Building quality social relationships can be another effective way for men to express emotions and limit negative thoughts and actions.

3. Nutrition

Poor nutrition can compound depressive symptoms so it is important to try to minimize the intake of sugar-laden foods and junk foods as much as possible.

Look for foods with nutrients, vitamins and minerals which are helpful to support low moods such as B vitamins, Vitamin D and Omega 3 fatty acids[xv]

I would encourage men who think they have depression to talk to someone, no matter how mild you think the symptoms might be.  Start taking things seriously and seek professional help.  This doesn’t make you weak; it can only take you towards the treatment you need to make you stronger.

Many of the options for treatment I’ve talked about may help including ‘Talk therapy’, quality social relationships and connections and nutrition.   Every man needs to find what works best for him and there are always professional agencies and resources available.

Remember, you are “qualified to talk about it”.

Here’s a list of agencies and resources that can be contacted and used privately and confidentially if you need help:

New Zealand

www.depression.org.nz

www.thelowdown.co.nz

Depression helpline:  24/7 Freephone 0800 111 757 – a trained counsellor who can find the right treatment for you

www.mentalhealth.org.nz/get-help/a-z/resource/13/depression

Australia

www.beyondblue.org.au – Support Service Freephone 1300 22 46 36

www.blackdoginstitute.org.au

Men’s Line Australia – Freephone 1300 78 99 78

USA

www.dbsalliance.org – Depression and Bipolar Support Alliance – Toll free number 1-800-826-3632

www.suicidepreventionlifeline.org – National Suicide Prevention Lifeline – 1-800-273-TALK (8255)

www.nimh.nih.gov/health/publications/men-and-depression/index.shtml - Men and Depression

www.nimh.nih.gov/health/topic/depression/men-and-depression/depression.shtml - National Institute of Mental Health Depression page

Canada

http://headsupguys.ca/

https://mensdencanada.wordpress.com

UK

https://www.supportline.org.uk/problems/depression.php -  Helpline 01 708 765200

https://www.mentalhealth.org.uk/podcasts-and-videos

http://www.depressionuk.org/index.shtml

 


[i] http://www.healthline.com/health/depression/statistics-infographic, http://www.healthline.com/health/depression/statistics#4

[ii] http://www.nimh.nih.gov/health/topics/depression/men-and-depression/depression-in-men.shtml

[iii] http://www.health.govt.nz/publication/mental-health-and-addiction-service-use-2012-13

[iv] http://www.stats.govt.nz/browse_for_stats/snapshots-of-nz/nz-social-indicators/Home/Health/suicide.aspx

[v] https://www.michigandaily.com/section/news/research-reveals-gender-differences-stress-vulnerability

[vi][vi] http://www.apa.org/research/action/men.aspx

[vii] http://www.medicalnewstoday.com/articles/232248.php

[viii] http://www.medicalnewstoday.com/articles/296188.php

[ix] http://depressiongenetics.stanford.edu/mddandgenes.html

[x] http://www.medicinenet.com/script/main/art.asp?articlekey=40336

[xi] http://www.depressiontoolkit.org/download/cbt_facts_umdc.pdf

[xiii] http://psychcentral.com/lib/about-interpersonal-therapy/

[xiv] https://www.sciencedaily.com/releases/2013/04/130430194037.htm

[xv] http://www.depressiontoolkit.org/download/nutrition_facts_umdc.pdf

 

5 Comments

  • “Are there any particular XtendLife products that are directed to or useful for depression or anxiety?”

    Benji - June 05 2016

  • “Fantastic newspaper!  This sums up so many feelings that men are to proud to admit. It is so hard to explain until you have personally experience depression or anxiety.”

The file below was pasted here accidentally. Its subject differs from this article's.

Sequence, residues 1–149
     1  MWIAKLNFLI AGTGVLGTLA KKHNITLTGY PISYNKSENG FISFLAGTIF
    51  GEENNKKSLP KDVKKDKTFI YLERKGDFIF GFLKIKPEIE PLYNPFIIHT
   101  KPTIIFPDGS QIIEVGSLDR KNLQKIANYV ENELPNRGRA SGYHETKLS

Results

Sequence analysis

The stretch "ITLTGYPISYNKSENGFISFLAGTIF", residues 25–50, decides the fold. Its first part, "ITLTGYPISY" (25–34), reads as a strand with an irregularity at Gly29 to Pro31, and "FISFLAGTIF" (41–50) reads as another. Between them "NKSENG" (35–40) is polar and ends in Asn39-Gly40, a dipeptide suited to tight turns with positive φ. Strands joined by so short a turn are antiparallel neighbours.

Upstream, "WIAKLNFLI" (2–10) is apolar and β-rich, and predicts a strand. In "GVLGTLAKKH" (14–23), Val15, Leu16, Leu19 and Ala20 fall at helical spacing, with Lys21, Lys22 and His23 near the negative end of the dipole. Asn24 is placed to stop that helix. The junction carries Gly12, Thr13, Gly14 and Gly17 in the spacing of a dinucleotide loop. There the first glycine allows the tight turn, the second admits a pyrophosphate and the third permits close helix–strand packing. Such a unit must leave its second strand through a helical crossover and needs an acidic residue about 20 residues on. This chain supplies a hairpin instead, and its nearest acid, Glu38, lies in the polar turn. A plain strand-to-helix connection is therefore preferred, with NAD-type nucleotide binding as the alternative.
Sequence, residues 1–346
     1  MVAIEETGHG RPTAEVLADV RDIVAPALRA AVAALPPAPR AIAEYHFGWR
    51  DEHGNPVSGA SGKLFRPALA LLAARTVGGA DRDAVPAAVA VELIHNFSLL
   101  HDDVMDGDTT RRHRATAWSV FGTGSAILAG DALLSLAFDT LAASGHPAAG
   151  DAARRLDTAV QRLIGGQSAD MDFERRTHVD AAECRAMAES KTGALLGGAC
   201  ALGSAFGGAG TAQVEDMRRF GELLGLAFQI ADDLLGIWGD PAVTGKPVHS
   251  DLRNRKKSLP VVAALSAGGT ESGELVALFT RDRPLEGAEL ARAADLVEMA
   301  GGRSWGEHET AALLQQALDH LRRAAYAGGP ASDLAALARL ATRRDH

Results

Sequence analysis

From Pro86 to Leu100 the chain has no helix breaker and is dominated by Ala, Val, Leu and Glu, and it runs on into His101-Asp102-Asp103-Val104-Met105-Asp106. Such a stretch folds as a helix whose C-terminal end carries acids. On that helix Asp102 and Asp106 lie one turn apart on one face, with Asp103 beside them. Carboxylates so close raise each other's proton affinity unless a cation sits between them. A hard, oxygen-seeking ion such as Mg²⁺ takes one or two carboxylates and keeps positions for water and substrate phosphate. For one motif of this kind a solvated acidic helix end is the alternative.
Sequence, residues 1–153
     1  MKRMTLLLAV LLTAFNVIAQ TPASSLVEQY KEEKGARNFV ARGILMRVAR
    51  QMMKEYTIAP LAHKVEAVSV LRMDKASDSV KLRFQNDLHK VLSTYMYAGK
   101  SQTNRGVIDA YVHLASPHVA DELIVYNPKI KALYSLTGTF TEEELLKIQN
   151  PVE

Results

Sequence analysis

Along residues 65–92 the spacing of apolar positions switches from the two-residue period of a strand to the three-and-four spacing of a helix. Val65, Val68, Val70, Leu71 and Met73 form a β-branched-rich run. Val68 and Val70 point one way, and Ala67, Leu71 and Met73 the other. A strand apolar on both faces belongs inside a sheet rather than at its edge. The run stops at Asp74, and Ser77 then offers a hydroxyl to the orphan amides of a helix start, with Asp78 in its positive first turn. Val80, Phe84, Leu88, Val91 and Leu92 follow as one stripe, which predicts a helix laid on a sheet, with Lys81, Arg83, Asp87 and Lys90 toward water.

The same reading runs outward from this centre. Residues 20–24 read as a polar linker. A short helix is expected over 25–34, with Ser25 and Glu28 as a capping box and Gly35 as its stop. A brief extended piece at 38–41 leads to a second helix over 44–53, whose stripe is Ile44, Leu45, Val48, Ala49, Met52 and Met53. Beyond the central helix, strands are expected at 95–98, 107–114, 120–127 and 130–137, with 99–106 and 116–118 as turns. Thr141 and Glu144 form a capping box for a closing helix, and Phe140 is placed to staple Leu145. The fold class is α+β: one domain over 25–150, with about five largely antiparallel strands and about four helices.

HFBF - June 06 2016

  • “Benji.  Thank you for your question.  I would recommend our Omega 3/DHA fish oil which may support brain health and mood.  Also our Neuro-Natural Serenity product is specifically formulated with natural ingredients such as Passionflower and Valerian extracts to help relieve stress and support against low moods and anxiety. Regards, Dion”

    Customer Relations - June 08 2016

  • “Good morning !! I am a 50 year old white male I have type 2 diabetes I love her high cholesterol and I’m about 260 pounds I’ve been fighting this depression since I’ve had my diabetes and I have Ed erectile dysfunction I’m ashamed to admit it but I need help get somebody reach out to me I like hanging out with guy friends talking about all your days and I’ll chopped up War stories about how good sex is with your wife or your girlfriend or having multi partners it doesn’t do it for me I need some men of encouragement and a really experience what I’m going through I’m very sensitive with my weight and all my medical conditions I will find her but I had some other childhood outlying areas of neglect child abuse molestation my grandpa was really there for me and my grandmother my mom’s parents I didn’t really know father because he wasn’t in the house but the stepfather my mother boyfriend molested my mother later killed him and spent time in prison so my grandparents raised me he’s a fine man I am today I’ve been married a couple of times I have one child she’s 15 this year I was 35 when I had her and that woman turned out to be an alcoholic and I’m raising her on my own my name is Julia she’s a sweet intelligent young woman and I love her and I’m going to protect you with every bit of my life so please somebody reach out to me help me. Sometimes I feel like killing myself but I know that’s not the answer because I have a beautiful daughter I look forward to having some grandchildren Monday she’ll be 16 on October 14th of this year and 2017…. God bless sincerely Raymond Edward Johnson… hey if you want to reach out to me @ raymondejohnson1967@gmail.com”

    Raymond E.Johnson from Phoenix, Az - May 20 2017

  • “HFBF  – Thank you.  As men, it is not easy to admit that help is needed as we often dont feel anyone will understand our situation.  The great thing to know is that there are many others going through something similar.  Everyones experience is different, but important all the same. Regards, Dion”

    Customer Relations - June 08 2016